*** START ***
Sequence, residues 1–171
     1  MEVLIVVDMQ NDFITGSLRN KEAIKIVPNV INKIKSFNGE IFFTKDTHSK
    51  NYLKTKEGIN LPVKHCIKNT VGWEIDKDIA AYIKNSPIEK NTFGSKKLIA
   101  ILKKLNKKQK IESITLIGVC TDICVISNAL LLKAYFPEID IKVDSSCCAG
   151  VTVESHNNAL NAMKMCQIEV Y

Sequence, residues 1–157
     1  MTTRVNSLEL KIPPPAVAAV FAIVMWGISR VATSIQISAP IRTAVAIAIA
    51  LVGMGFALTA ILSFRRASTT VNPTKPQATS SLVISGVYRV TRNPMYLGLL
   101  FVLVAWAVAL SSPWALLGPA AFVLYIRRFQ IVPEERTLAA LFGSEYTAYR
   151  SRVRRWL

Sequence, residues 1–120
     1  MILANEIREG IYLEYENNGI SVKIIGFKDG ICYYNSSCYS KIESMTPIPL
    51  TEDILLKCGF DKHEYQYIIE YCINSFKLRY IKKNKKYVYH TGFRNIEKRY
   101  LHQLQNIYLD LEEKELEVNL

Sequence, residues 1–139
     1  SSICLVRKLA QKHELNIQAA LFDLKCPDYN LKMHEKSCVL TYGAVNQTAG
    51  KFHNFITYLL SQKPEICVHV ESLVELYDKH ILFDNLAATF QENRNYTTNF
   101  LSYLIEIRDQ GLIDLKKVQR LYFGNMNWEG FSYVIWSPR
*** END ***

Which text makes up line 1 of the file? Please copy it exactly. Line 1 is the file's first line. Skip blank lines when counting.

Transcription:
Sequence, residues 1–171